Slashing Postcolonial Studies, or: Why this Debate still Bothers Me
A Response to Clemens Ruthner’s “K.u.K. ‘Kolonialismus’ als Befund, Befindlichkeit und Metapher”

Markus Reisenleitner

The discussion about the usefulness of postcolonial theory for questions of culture and power in Central Europe has now been going on for quite a while, particularly in the primarily German-language internet platform, and has produced many important and interesting contributions in the context of Central Europe. And it still bothers me. I am still not convinced. I still think that it simplifies many issues while blowing others all out of proportion. The following is meant to provide a probe into the nature of the discussion from an outside point of view.

I am teaching cultural studies in Hong Kong, and part of my almost daily pedagogical tasks is to explain to my mostly Hong Kong Chinese students that the concept of Orientalism, a key concept of postcolonial theory, is not easily and seamlessly applicable to the Hong Kong context, that Europeans and North Americans do not think that Hong Kong and Japan are backward places, nor do they consider Cantonese an inferior language. The notion of Orientalism has made a deep impact here on how people think the rest of the world sees them and thereby essentializes geographical space, and on how globalization is seen as promoting these spatial essentialisms. If this is true for Hong Kong, it seems to me that even greater caution must be exercised in attempts to use postcolonial terminology in Central European contexts.

The point is that these situations are highly specific. Hong Kong’s situation arises out of a history of double colonization and the unique position of a quasi-independent, technologically and infrastructurally highly developed city-state that has to face its colonial past as well as a rapidly changing China at the same time as maintaining its “global city” status against increasingly fierce competition. The concept of Orientalism, complex and productive as it was when introduced by Said, in this context runs the danger of becoming an analytical shortcut which obscures more than it reveals, that is to say, of being appropriated as a pop metaphor for cultural and racial hierarchies, which seems to fuel both unwarranted cultural insecurities and the kind of politically correct smugness that I find not only highly objectionable but also strategically counterproductive.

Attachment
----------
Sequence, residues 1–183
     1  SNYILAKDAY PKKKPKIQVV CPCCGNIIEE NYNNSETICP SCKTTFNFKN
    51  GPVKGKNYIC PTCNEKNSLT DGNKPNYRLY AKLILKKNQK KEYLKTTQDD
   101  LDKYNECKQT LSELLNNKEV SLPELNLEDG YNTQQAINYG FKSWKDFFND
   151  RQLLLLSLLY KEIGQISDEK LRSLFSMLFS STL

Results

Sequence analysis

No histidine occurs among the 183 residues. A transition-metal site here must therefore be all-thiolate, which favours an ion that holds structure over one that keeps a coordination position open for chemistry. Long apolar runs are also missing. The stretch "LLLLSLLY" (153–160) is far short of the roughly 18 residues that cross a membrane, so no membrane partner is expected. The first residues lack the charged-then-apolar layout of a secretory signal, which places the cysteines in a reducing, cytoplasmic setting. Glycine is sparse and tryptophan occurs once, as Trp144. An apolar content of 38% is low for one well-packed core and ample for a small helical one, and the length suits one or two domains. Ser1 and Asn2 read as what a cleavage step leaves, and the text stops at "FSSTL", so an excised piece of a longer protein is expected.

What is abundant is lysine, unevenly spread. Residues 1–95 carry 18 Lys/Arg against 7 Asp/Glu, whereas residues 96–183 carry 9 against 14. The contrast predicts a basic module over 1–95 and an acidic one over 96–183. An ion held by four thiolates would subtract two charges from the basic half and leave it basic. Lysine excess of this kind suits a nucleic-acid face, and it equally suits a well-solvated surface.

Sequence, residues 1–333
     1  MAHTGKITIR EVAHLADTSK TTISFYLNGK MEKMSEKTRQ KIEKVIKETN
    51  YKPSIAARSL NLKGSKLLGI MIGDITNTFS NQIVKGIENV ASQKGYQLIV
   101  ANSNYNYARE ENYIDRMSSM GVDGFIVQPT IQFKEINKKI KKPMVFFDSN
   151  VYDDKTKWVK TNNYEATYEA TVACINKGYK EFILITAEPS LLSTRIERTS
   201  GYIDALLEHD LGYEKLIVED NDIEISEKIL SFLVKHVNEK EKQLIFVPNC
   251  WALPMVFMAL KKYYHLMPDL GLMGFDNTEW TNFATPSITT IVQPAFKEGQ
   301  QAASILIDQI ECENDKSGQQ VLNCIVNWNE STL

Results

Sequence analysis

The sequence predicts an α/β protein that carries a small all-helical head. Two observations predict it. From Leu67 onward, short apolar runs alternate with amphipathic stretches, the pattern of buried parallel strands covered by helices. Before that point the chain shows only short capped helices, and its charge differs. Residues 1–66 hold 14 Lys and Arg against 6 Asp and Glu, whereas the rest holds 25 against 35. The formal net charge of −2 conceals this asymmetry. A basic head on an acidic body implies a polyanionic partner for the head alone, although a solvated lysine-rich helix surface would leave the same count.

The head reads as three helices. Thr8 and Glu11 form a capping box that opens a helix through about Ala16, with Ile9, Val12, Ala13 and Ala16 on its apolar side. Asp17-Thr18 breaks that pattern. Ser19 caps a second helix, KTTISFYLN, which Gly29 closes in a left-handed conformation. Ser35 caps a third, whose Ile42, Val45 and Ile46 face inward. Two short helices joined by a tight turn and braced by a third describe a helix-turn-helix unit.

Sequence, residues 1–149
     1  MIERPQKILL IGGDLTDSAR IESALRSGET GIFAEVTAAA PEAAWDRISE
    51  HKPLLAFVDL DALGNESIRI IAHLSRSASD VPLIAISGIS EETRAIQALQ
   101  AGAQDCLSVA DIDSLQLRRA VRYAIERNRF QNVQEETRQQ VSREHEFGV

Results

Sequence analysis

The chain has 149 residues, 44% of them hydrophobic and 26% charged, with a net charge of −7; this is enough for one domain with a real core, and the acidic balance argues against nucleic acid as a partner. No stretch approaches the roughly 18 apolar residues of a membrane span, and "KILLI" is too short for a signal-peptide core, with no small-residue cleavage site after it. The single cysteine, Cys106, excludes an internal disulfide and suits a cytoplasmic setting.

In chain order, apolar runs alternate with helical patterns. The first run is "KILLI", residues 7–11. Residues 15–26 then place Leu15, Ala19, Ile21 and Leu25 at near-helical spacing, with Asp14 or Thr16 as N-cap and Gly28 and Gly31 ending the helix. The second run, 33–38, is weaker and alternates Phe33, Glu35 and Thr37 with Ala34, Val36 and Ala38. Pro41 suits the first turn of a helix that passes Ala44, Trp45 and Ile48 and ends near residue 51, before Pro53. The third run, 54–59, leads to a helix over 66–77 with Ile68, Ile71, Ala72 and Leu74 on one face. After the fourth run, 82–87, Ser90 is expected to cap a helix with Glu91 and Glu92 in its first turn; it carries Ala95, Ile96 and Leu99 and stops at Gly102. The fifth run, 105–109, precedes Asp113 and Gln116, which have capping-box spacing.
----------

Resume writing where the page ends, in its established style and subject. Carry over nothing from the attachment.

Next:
Nobody would seriously deny that the work of postcolonial theorists like Gayatri Spivak, Homi Bhabha and Edward Said is intellectually challenging, politically engaged and impressively informed by a background of a diverse cultural knowledge and competence. Frankly, I often find it very difficult to read and comprehend, let alone to productively transform. In the current (admittedly restricted) debate of its “applicability” to the Central European context, however, I constantly come across a – for me very disturbing – undercurrent of complacent condescension to theory, a tendency to mix haughty gestures of having already known it anyway with throwaway remarks that are meant to convey that one is on top of these highly sophisticated and complex debates and can easily not merely discuss but also judge, appropriate or dismiss them. I think this is what bothers me most. Maybe I expect a certain degree of self-reflexivity and willingness to learn from academics, but often find arrogance and aloofness instead. Which brings me to Clemens Ruthner’s latest ruminations in

Ruthner sets out to regale us with yet another “preliminary” clarification, and this time the term that captivates his attention is “colonialism,” a “paradigm” he reads as “Befund, Befindlichkeit und Metapher” (findings, mindset and metaphor). Nothing wrong with that, to be sure. However, my feeling of unease predictably grows when Ruthner starts connecting sociological and cultural discourses on colonialism with postcolonial studies, and it remains unclear to me why or what for. Even more problematic, however, is how he does it. I will single out two passages (in which he explicitly refers to postcolonial theory) in order to explain my unease here and to probe more deeply into Ruthner’s rhetorical strategies of self-aggrandizement and dismissal.

First, let us consider a seemingly innocuous reference to Said’s Culture and Imperialism: “Ein komparatistisches Herangehen an den Untersuchungsgegenstand in Form von (kontrastiven) Lektüren kultureller Texte ‘gegen den Strich’ – Edward Said’s ‘contrapuntual reading’ – versteht sich von selbst” (“The necessity of using a comparative approach to objects of investigation in the form of (contrastive) readings of cultural texts ‘against the grain’ – Edward Said’s ‘contrapuntal reading’ – goes without saying”), writes Ruthner in response to an earlier accusation made by Stefan Simonek that the Southern Slav literatures are being silenced in such an approach.

“It goes without saying” – or does it? And if so, what does exactly? Ruthner glibly glosses over the depth of Said’s argument here by conflating two very different things – comparative and contrapuntual reading. Simonek demands that the voices of the marginalized Slavic literatures be heard, and Ruthner seems to imply that Said’s method would do this justice, but a closer look reveals that this is not Said’s argument here at all. Said writes: